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Democratic candidates speak at Native American Forum resonating with Shoshone Bannock Tribes

Native American tribes are becoming a political key player in next year’s presidential election. Shoshone Bannock Tribes are preparing by initiating voter participation for young and old.

“We haven’t seen much advocacy for the Native American tribes, and definitely the outreach and education now is gearing up for 2020,” the public affairs manager for Shoshone Bannock Tribes Randy’L Teton said.

Nine 2020 Democratic candidates attended the Native American Forum in Sioux City, Iowa, to discuss issues pertaining to many tribes across the U.S., that sentiment resonating with Shoshone Bannock Tribes.

“We’re tasked with the native vote, so when it comes to state, federal or even tribal, we assist in getting the outreach and communication,” Teton said.

There are various issues native tribes want to be addressed. Among those are Native American health care services, reservation criminal justice reform and treaty rights, which are considered underfunded among many tribes.

“We have over 7,000 tribal members here in Fort Hall. My goal is to get at least all 5,000-plus to vote,” Teton said.

Shoshone Bannock, along with more than 500 other tribes in the U.S., is watching the race closely, identifying candidates who will push Native American initiatives.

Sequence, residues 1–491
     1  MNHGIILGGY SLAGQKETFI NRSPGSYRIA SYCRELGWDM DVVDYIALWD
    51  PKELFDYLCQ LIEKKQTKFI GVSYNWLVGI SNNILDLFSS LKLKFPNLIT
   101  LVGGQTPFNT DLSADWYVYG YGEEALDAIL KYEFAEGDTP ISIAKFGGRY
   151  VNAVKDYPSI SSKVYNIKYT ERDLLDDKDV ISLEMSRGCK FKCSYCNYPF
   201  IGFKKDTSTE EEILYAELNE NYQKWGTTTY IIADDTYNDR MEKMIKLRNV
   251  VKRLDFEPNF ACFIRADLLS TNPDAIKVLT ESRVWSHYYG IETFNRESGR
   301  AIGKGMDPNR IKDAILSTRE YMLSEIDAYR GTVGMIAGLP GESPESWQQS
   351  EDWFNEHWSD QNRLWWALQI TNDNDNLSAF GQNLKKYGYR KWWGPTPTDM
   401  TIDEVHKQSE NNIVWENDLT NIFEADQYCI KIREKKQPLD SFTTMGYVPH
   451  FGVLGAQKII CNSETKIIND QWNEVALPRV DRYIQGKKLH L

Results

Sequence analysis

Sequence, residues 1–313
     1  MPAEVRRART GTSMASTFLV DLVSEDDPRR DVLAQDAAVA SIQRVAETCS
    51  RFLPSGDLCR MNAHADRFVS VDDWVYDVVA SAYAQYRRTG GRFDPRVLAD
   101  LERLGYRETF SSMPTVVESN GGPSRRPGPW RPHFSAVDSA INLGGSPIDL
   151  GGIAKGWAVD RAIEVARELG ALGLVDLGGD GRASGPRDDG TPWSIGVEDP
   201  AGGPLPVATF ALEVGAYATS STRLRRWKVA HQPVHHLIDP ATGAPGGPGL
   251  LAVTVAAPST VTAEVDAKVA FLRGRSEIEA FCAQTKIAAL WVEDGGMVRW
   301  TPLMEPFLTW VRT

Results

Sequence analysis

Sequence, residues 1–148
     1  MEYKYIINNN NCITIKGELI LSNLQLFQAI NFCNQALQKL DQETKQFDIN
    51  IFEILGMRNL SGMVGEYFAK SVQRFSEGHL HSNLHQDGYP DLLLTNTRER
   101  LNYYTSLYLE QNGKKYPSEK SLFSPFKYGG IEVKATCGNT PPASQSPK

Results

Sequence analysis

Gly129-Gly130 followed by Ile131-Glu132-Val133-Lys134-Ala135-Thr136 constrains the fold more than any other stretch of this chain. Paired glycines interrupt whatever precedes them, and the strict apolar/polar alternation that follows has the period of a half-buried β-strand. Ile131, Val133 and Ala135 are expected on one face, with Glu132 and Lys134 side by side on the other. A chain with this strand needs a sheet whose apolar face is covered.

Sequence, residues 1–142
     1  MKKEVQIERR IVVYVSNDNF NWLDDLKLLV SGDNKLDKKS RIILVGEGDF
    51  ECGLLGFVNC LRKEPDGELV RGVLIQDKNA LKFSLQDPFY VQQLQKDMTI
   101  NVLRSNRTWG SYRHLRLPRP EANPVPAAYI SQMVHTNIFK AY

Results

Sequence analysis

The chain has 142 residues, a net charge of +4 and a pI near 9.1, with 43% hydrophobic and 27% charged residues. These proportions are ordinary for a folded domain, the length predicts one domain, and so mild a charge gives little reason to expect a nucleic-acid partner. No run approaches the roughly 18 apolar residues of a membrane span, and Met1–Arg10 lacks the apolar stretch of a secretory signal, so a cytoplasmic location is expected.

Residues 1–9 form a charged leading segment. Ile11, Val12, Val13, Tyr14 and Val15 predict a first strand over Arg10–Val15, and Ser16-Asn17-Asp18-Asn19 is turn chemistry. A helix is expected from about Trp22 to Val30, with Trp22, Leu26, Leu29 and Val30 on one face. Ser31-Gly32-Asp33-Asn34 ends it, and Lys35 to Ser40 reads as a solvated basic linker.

“Our Fort Hall Business Council is at the level of making decisions for the tribe and considering everything that that candidate has done for the state of Idaho or for the tribes,” Teton said.

“Native Americans, especially the ones on reservations, are considered hard to count,” said Denell Broncho, who is a Shoshone Bannock Census Committee member.

“If we don’t count all of our citizens, then we are missing some of that apportionment because we’re not going to be within the districts that determine voting polls,” Broncho said.

Therefore, Shoshone Bannock tribes are working hard now to develop a strong census outreach to get all tribal members counted.

In 2016, residents in Fort Hall were unsure about their district voting poll in 2016 elections. They hope to identify voting polls, notify tribal members and get a larger voter turnout for 2020.

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